Archive for the ‘CBK Van Norman’ Tag

Fraser Building – 540 Seymour Street

540 Seymour 1974

Here’s a modest building seen in this Archives image when it was in its early working years – just 26 years old. Although it’s only two storeys, it’s still standing today and it would be eligible for a pension, as it turns 65 this year. In the image you can see a sheet music retailer, Modern Music and a Scottish Imports store.

When it was built back in 1948 the retail store included an E A Morris tobacconists store, while the rest of the building had a variety of office tenants, including Traders Finance Corpn Ltd, Precision Housing Co Ltd, J H Read construction structural engineers and a couple of stock broking firms. Precision Housing and J H Read shared an office and they shared with a third tenant, and it’s that tenant that gives the building some significance. CBK Van Norman, the architect, had his offices here, and he was the designer of the pre-fabricated Precision Housing system in the 1940s.

We’re reasonably certain that the Fraser Building wasn’t just Van Norman’s office – we think it was a Van Norman designed building. Although the plans, which are in the Archives, are still protected by copyright (as the building is still standing) they seem to match the building. The building doesn’t currently appear on the ‘Post 40s Register’ of important more recent buildings.

Today it’s had some changes to the store fronts, there are different screens below and above the windows, and the colour scheme has been reversed (at least, from the way it looked in 1974). But for the most part it’s still looking pretty good (for a pensioner).

Photo source: City of Vancouver Archives CVA 778-402

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Posted January 15, 2013 by ChangingCity in Downtown, Still Standing

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Customs House – West Pender Street

Customs House 1

We successfully lined up two images of this building. It’s another of CBK Van Norman’s buildings, built in 1955 and demolished in 1993. A solid ten-storey reinforced concrete building, it occupied an irregularly shaped site immediately to the south of the Marine Building at the junction of West Pender and Burrard Street. After various design iterations through 1949 and 1950 it was eventually completed in 1955. Aluminum framed windows alternated with granite spandrels and the composition was framed by end piers of Haddon Island stone.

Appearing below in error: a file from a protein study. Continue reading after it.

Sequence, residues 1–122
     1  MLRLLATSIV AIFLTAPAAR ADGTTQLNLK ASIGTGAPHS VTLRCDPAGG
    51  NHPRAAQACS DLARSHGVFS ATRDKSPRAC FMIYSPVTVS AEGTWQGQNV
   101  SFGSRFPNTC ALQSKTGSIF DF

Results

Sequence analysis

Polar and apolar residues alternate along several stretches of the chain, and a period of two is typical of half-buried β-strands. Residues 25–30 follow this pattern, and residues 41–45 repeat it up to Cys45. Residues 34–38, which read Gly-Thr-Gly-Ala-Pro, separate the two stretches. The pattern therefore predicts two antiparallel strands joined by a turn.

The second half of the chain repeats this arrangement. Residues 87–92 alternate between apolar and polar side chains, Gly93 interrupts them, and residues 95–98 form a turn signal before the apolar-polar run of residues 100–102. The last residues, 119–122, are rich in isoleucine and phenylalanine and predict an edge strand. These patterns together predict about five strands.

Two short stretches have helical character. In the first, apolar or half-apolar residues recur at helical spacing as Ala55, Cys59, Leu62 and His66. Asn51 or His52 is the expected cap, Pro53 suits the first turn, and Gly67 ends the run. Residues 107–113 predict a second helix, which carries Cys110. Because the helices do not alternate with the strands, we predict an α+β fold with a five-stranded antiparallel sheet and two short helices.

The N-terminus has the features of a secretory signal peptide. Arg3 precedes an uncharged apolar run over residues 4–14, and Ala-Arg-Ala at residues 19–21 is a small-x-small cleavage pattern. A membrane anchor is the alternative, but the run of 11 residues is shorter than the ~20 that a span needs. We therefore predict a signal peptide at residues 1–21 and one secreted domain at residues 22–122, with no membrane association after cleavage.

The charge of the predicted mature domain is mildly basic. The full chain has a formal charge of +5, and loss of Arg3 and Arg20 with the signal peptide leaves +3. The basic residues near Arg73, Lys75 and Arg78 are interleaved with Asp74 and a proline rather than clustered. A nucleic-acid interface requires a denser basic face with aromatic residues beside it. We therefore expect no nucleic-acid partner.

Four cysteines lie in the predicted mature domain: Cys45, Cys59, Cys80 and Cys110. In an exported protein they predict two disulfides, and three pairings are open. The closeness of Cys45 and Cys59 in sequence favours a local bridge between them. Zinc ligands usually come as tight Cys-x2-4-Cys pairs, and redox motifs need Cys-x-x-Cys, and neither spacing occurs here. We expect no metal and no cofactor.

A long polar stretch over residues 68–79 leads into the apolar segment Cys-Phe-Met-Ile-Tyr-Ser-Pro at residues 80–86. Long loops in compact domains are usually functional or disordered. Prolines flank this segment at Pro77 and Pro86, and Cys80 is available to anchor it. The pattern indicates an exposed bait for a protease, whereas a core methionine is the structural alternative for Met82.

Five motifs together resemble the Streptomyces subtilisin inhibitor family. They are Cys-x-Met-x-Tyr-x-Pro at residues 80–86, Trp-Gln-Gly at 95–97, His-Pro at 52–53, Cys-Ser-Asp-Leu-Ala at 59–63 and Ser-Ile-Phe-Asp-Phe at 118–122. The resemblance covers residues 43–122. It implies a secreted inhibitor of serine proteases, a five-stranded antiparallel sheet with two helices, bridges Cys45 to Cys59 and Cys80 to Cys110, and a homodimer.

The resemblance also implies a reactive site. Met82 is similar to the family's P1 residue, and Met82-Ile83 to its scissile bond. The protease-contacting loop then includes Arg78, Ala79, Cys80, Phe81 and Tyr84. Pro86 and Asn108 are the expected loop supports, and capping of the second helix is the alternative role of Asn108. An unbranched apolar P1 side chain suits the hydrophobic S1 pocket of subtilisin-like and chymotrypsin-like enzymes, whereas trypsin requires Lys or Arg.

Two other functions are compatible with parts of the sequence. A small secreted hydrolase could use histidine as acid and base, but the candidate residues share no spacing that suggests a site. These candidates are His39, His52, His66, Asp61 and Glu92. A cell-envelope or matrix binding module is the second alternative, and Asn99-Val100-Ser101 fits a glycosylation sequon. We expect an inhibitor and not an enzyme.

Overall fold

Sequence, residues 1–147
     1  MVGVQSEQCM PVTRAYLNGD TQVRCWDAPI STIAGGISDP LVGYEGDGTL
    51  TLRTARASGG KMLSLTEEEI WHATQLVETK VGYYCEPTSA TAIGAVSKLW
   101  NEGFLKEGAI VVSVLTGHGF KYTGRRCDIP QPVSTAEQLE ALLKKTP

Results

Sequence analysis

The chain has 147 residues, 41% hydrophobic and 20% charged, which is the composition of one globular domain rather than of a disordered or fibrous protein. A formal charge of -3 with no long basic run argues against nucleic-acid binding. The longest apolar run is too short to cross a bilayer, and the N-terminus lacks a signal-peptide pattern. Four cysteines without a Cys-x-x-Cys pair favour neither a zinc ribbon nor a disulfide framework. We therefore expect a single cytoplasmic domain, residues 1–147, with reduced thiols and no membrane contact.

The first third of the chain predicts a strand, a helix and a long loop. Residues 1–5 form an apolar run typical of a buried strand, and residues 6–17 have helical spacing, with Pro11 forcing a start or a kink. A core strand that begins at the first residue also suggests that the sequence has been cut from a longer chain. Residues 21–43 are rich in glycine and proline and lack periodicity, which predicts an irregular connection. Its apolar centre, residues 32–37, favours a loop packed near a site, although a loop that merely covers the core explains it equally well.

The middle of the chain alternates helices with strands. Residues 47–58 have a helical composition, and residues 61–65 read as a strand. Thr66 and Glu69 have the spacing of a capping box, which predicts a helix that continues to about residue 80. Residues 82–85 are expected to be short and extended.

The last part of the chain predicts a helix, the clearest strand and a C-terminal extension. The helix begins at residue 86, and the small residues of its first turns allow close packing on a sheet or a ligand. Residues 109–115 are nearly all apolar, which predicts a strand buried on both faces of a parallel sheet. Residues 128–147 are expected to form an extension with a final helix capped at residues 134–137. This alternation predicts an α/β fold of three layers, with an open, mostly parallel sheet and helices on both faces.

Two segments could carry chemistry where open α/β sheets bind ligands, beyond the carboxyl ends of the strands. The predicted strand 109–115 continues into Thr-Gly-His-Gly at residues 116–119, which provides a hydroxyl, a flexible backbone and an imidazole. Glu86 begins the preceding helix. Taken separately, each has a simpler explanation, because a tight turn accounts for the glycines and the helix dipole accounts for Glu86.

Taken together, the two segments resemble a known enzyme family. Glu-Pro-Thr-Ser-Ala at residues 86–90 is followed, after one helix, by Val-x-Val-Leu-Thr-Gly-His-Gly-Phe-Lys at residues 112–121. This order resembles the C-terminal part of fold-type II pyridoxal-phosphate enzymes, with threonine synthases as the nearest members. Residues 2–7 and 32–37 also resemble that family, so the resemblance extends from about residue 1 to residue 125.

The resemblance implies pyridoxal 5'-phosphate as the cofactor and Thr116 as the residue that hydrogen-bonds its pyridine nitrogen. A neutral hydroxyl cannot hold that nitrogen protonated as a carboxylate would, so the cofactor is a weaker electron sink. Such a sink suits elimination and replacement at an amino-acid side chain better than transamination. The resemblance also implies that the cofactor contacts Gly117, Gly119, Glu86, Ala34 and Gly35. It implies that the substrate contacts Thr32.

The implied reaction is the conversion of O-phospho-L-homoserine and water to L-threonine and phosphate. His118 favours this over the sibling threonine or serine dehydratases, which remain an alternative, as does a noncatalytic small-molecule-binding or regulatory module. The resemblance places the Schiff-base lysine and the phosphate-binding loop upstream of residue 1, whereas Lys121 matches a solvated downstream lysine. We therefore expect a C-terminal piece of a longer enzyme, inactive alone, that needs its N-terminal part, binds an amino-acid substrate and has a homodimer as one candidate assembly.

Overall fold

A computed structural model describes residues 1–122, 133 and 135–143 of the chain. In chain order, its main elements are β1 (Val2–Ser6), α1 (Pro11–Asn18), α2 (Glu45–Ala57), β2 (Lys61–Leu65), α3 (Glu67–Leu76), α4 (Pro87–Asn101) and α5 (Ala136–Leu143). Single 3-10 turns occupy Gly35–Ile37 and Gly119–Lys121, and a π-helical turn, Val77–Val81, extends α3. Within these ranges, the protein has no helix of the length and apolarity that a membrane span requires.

Customs House 2The Federal Government decided to replace the building in the early 1990s, but the replacement building wasn’t completed until 2002. Designed by Architectura for Canada Lands and Public Works Government Services Canada, the 19 storey tower incorporates a number of energy-efficient and green building features and houses several Environment Canada activities as well as Department of Fisheries and Oceans offices. The building recycled some of the black granite from its predecessor, and the lower portion of the building along West Pender is almost a replica of the earlier structure.

It is now named after Douglas Jung, the first Canadian Member of Parliament of Asian decent (although Jung was born in Victoria). Although too late to change the decision on the Customs House, the move to demolish the building led to the creation of a Post ’40s register of buildings that can be considered for heritage status once they are 20 years old.

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Posted January 8, 2013 by ChangingCity in Downtown, Gone

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The Burrard Building

Burrard Building

CBK Van Norman was one of Vancouver’s most respected architects of the International Modern style. He was born in Ontario in 1906, studied in Manitoba, and worked for Townley and Matheson in Vancouver from 1928-1930 and sometimes with McCarter Nairne from 1930 to 1950. From 1955 to 1968 he practiced exclusively under his own name and designed some important Vancouver buildings, some of them already lost (including the Customs House). Van Norman was also part of the design team for the Royal Centre; his contribution to the design was the buttresses on the corners being used for the air conditioning and other systems.

The Burrard Building, built between 1955 and 1957, is still with us. The architect described the building as offering “a modern functional office space, a prestige address, and a choice downtown location”. With no local firm capable of building it, Van Norman hired the Utah Company of America to build his 200,000 square foot building and then was met with delays as the complicated skin took longer to assemble than expected. The original curtain wall design was switched to allow air conditioning to be installed, and the replacement design involved 18 by 10 foot panels , eight inches thick, attached directly into the steel frame.

Burrard Building 1956 brochureIn 1988 Musson Cattell designed a new skin for the building which changed it from a strongly horizontal oriented tower into a more contemporary glazed box. Interestingly, this actually reflects quite closely what Van Norman showed on a 1956 brochure for the building – in some ways the building today more closely resembles it than the 1950s version as built.

The building is still popular with tenants, and vacant suites are generally leased quickly. Although the site is one of very few Downtown that has no viewcones crossing it – and hence no height limit for a replacement building – leases on the few suites on offer today are for up to 10 years, suggesting the owners are in no hurry to cash in on its redevelopment potential.

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Posted January 7, 2013 by ChangingCity in Downtown, Still Standing

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